Diet, Your Brain and Autoimmunity

By now, we all know that chronic and/or neurodegenerative diseases like MS, Alzheimer’s, Parkinson’s, ALS, autism are all inflammatory and probably all derive from alterations to the gut biome.  I’ve written about all of them many times now (some links provided in the previous sentence), as I follow this research.  I read an interesting article yesterday that is absolutely worth sharing, as it has a fascinating premise.[i]

Remember that, in theory, the inflammatory process is our bodies’ natural response to foreign invaders (non-self).  (Of course, in the case of autoimmunity, our immune systems mistake our body tissues for a foreign invader.) These invaders can include chemicals, biological agents, but also, the failure to eliminate waste or undigested nutrients we’ve eaten.  Chronic inflammation, as you also know, can cause the breakdown of the integrity of the gut epithelial barrier, as well as the blood-brain barrier.  Once in the brain, proinflammatory molecules can trigger brain inflammation and “…pave the way to specific chronic neurodegenerative diseases.”

How your body deals with what you eat – which is, by its very nature foreign material, has a tremendous impact on the state of inflammation in the body and thus, with maintaining or harming the integrity of those two critical barriers.  The authors of this paper hypothesize that the attack on the blood-brain barrier is essentially autoimmune in nature:  molecular mimicry wherein one molecule greatly resembles another, which is thought to be the essence of autoimmunity, i.e. undigested food substances escaping the leaky intestinal barrier are very similar to certain brain proteins, together with the gut microbiota metabolites, lead to chronic inflammation.

Food, they point out, affects our health in two ways:  we require it for our own metabolism (upon which it obviously has huge impact) and it also influences the composition of the gut flora.  Only food that is fully digested (i.e. degraded to simple molecules which our bodies can actually use) are “congenial” to us.  Undigested food amounts to foreign substances which can evoke abnormal immune response:  “…the task of digestion is to make food like us, while absorption is required to make simple molecules available to our metabolism.  In just over a day (35-30 hours) our food becomes part of us.”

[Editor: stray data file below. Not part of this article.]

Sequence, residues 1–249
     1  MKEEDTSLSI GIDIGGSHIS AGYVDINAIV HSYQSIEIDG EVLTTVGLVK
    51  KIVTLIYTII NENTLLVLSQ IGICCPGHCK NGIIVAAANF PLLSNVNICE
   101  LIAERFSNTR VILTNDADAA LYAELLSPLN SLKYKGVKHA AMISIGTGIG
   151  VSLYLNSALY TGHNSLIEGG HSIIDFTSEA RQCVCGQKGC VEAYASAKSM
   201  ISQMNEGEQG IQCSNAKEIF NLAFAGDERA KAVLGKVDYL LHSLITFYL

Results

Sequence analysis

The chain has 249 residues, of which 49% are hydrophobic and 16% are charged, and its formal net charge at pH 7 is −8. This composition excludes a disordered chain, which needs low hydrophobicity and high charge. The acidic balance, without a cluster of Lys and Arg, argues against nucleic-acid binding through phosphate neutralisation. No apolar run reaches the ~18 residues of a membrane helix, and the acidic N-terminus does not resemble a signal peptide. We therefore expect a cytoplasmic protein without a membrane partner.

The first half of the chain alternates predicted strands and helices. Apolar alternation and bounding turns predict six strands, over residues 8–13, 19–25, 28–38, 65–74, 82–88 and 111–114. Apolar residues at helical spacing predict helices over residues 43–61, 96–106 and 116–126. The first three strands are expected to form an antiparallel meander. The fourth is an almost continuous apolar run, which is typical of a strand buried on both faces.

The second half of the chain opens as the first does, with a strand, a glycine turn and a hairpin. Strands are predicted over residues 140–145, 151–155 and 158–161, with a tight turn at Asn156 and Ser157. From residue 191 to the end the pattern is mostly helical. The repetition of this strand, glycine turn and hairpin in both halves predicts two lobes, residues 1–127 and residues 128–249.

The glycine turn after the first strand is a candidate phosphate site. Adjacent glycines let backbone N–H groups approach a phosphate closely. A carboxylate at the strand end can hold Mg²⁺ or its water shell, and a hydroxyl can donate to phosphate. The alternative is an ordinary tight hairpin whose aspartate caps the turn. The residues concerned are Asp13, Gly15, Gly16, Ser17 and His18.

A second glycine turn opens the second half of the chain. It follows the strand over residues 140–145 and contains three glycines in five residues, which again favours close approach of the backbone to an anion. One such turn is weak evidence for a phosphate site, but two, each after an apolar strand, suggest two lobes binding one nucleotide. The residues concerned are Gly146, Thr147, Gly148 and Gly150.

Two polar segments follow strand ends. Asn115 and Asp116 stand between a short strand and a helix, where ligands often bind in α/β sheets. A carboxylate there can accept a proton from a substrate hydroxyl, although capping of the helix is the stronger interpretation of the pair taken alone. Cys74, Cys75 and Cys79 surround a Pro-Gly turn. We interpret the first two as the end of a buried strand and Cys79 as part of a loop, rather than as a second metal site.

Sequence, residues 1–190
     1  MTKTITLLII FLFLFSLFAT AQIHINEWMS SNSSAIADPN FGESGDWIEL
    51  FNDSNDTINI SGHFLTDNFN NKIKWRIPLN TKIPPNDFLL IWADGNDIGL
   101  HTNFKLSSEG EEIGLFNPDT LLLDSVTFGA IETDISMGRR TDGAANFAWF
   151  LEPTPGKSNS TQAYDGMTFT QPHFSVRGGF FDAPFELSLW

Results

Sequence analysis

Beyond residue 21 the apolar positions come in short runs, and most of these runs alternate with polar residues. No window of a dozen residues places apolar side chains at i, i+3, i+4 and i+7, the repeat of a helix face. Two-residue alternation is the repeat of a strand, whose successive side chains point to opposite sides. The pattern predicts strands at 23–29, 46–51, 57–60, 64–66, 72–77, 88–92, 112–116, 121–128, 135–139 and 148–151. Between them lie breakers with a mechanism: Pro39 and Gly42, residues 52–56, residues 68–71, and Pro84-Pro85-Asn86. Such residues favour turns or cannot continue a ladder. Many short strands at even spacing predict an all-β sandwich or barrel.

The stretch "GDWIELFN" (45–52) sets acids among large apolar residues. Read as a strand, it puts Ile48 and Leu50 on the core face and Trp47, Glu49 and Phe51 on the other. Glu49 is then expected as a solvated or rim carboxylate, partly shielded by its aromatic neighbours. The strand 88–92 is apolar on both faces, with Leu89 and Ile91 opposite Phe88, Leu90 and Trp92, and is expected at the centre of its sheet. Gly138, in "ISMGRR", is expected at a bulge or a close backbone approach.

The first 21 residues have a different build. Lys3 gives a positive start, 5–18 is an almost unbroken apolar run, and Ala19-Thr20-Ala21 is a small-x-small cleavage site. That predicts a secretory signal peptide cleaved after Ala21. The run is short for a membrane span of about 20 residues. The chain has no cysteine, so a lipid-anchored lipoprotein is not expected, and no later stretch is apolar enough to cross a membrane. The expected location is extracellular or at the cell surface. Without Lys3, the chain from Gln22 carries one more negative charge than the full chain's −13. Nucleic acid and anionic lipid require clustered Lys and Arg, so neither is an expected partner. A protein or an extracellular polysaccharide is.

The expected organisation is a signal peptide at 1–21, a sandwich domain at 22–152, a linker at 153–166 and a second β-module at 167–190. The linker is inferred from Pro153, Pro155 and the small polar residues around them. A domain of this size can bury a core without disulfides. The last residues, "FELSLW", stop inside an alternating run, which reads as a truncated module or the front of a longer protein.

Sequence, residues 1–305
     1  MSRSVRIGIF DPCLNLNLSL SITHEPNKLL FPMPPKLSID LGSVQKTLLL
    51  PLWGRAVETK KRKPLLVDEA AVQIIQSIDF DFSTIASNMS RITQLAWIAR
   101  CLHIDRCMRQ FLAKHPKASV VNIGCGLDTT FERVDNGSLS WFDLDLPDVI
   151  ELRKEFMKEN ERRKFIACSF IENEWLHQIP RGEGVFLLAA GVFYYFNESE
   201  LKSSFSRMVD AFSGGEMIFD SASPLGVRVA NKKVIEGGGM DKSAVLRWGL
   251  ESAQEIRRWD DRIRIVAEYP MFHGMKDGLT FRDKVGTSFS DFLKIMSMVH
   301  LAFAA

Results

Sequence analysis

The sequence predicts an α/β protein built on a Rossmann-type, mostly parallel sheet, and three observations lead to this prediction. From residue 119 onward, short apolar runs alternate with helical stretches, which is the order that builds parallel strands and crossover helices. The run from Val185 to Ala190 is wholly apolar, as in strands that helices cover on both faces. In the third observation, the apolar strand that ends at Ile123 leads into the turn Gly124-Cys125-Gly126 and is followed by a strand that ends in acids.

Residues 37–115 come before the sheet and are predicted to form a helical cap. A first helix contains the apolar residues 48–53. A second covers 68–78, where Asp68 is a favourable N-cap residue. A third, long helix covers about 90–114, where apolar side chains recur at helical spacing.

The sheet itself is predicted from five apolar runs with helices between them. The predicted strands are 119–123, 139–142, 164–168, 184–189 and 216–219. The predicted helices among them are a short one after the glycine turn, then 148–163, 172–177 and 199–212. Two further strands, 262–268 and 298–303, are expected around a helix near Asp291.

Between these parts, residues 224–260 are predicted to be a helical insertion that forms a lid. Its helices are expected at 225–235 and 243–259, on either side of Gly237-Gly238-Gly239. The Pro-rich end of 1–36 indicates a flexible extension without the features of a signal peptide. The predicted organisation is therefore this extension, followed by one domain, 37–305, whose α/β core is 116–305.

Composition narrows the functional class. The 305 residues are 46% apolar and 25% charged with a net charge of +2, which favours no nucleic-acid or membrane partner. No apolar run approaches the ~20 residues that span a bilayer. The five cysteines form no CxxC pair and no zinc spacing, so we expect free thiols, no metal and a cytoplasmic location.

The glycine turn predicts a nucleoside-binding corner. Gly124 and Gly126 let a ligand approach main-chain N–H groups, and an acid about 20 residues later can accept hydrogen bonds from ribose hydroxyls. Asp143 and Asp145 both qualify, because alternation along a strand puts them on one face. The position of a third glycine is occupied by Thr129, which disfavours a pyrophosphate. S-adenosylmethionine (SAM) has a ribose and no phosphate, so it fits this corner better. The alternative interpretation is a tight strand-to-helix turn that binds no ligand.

Think about that next time you chow down on junk food!

So here is a key points summary:

  1. “It is therefore important to avoid or limit food and drugs that may loosen the integrity of the gut barrier, including persistent stressful situations, and to prefer dietary factors that may reinforce the integrity of the gut barrier.”
  2. Disturbances of the gut barrier are confirmed to be a major factor in the development of a variety of illnesses, including autoimmune disease.
  3. Factors known to damage the integrity of this barrier include “…Western diets, saturated fatty acids, gluten, salt, alcohol and chemical additives present in processed food.” Other factors include NSAIDS, other medicines, and stress.
  4. Factors known to have a protective effect: calorie restriction/fasting, prebiotics, probiotics, butyrate, Vitamins D and A, flavonoids, omega 3, zinc.
  5. Gut derived molecules which resemble brain proteins lead to the breakdown of the blood-brain barrier. Normally, only very specific kinds of molecules an pass through this barrier.  However, toxins from gut bacteria, including lipopolysaccharides from gram-negative bacteria and something called lipoteichoic acid from gram-positive bacteria, bind to certain receptors causing an inflammatory and “antigen-specific” (that is a response that is specific to a certain molecule) response. (Remember this post from last week on vascular brain diseases?!   Those with that vascular disease, (Cavernous angiomas) clearly had higher numbers of certain gram-negative bacteria and their toxins…)

Their conclusion:  which organ is specifically affected by autoimmunity, i.e. the brain versus the thyroid versus the cartilage, etc., is determined by the undigested food antigens present.  That is, “molecular mimicry” is key:  if the undigested food protein, from a compromised digestive process, which makes its way into the blood stream via the leaky gut, most resembles the tissue of, let’s say, the thyroid, this is the organ the body will attack.  For someone else though, who eats loads of a different food – with its undigested nutrients looking more like a brain protein – well, ALS or Parkinson’s is more likely.  And more than that:  by causing a sustained state of chronic inflammation – including neuroinflammation – these undigested food proteins can also “…alter synaptic connections and brain morphology with diverse modalities in different neurological disorders.”

How many times in these last years have I emphasized that the foundation of good health is a good diet?  Bearing in mind that it is likely the original source of disease and that you literally are what you eat, we should all be inspired to look at what we are eating with that much greater care.  After all, the chemicals in those Twinkies may look to your immune system an awful lot like your brain!


[i] Riccio P, Rossano R. Undigested Food and Gut Microbiota May Cooperate in the Pathogenesis of Neuroinflammatory Diseases: A Matter of Barriers and a Proposal on the Origin of Organ Specificity. Nutrients. 2019;11(11):2714. Published 2019 Nov 9. doi:10.3390/nu11112714

2 Comments on “Diet, Your Brain and Autoimmunity

  1. Thank you for you incredible posts .. Your valuable research has guided me to have very positive results.

    • Hi Di! Thanks so much for this! I am so glad to hear about your successes! 🙂

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